For many years, the US has required that tankers have an approved Tank Vessel Response Plan on board and a “qualified individual” within the US with full authority to implement removal actions in the event of an oil spill incident. These requirements are to be extended to cover non-tank self-propelled vessels of 400 gt or greater that carry oil of any kind as fuel for main propulsion and that operate in US navigable waters. It is anticipated that this will take effect from August 8, 2005. Given the short time before this deadline, and the length of time necessary to develop and publish regulations, the United States Coast Guard (USCG) is providing interim guidance to help owners and operators begin the process of developing these plans.
The USCG has advised that, in the event that regulations are not in effect on August 9, 2005, it may issue a two-year authorisation letter allowing a vessel to operate without an approved response plan provided that the submitted plan:
is consistent with the requirements of the National Contingency and Area Contingency Plansidentifies the qualified individual having full authority to implement removal actions, and requires immediate communications between that individual and the appropriate federal official and the persons providing personnel and equipment as defined below identifies and ensures by contract or other approved means the availability of private personnel and equipment necessary to remove to the maximum extent practicable a worst case discharge (including a discharge resulting from fire or explosion), and to mitigate or prevent a substantial threat of such a dischargedescribes the training, equipment testing, periodic unannounced drills, and response actions of persons on the vessel, to be carried out under the plan to ensure the safety of the vessel and to mitigate or prevent the discharge, or the substantial threat of a discharge will be updated periodically and resubmitted for approval of each significant change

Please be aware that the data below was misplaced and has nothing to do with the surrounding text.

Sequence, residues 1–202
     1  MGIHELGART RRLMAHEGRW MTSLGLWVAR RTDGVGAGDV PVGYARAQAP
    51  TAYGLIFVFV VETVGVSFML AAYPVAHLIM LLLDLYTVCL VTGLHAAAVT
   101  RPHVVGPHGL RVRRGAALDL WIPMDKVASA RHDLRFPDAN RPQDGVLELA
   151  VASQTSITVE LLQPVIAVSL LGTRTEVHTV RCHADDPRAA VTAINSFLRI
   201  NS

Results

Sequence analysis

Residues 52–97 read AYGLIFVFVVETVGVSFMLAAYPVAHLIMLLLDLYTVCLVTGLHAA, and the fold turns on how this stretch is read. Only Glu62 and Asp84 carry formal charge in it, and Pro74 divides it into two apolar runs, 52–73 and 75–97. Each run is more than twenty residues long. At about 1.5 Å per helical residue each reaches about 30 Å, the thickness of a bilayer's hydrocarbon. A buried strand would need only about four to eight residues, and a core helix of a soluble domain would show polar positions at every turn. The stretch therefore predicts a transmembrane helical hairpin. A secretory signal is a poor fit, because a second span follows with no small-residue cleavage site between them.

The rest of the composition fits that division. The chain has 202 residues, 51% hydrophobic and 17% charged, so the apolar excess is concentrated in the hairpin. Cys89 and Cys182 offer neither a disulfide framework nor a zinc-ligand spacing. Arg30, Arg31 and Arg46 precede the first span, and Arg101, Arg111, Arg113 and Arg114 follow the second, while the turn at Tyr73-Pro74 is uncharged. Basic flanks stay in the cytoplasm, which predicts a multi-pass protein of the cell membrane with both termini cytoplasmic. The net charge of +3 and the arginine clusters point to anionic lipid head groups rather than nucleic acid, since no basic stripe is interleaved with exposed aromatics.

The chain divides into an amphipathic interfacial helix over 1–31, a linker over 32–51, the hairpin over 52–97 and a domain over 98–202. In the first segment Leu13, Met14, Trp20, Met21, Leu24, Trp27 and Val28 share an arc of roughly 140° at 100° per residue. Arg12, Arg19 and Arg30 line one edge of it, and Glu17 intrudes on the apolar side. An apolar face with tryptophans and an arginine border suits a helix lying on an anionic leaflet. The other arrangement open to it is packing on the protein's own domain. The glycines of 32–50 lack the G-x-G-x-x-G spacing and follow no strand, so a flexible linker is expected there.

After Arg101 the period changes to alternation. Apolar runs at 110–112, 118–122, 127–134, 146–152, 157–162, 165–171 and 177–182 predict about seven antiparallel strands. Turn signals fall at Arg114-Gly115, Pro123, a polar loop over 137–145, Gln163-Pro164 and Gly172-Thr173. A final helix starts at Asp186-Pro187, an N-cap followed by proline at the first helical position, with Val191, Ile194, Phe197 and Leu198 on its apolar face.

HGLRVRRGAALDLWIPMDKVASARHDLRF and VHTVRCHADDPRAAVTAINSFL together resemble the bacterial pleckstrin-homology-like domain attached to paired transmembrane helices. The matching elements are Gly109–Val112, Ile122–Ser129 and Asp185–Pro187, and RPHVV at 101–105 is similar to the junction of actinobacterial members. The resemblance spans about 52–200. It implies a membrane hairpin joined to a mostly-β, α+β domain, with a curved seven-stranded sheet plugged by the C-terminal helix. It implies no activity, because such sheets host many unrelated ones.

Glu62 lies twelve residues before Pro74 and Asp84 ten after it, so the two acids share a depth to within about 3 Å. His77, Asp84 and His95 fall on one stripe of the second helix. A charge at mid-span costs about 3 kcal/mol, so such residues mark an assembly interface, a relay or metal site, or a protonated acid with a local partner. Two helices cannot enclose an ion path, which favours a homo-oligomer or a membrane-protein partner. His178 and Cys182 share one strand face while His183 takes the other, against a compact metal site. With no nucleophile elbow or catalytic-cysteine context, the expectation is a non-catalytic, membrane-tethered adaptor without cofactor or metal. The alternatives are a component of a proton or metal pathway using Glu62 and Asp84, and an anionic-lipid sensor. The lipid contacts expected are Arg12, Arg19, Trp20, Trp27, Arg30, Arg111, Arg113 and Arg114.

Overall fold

Until superseded by regulations, vessels must have a valid authorization letter in order to operate on or after August 9, 2005. To avoid a disruption of operation, the USCG encourages owners and operators to submit their response plans as soon as possible.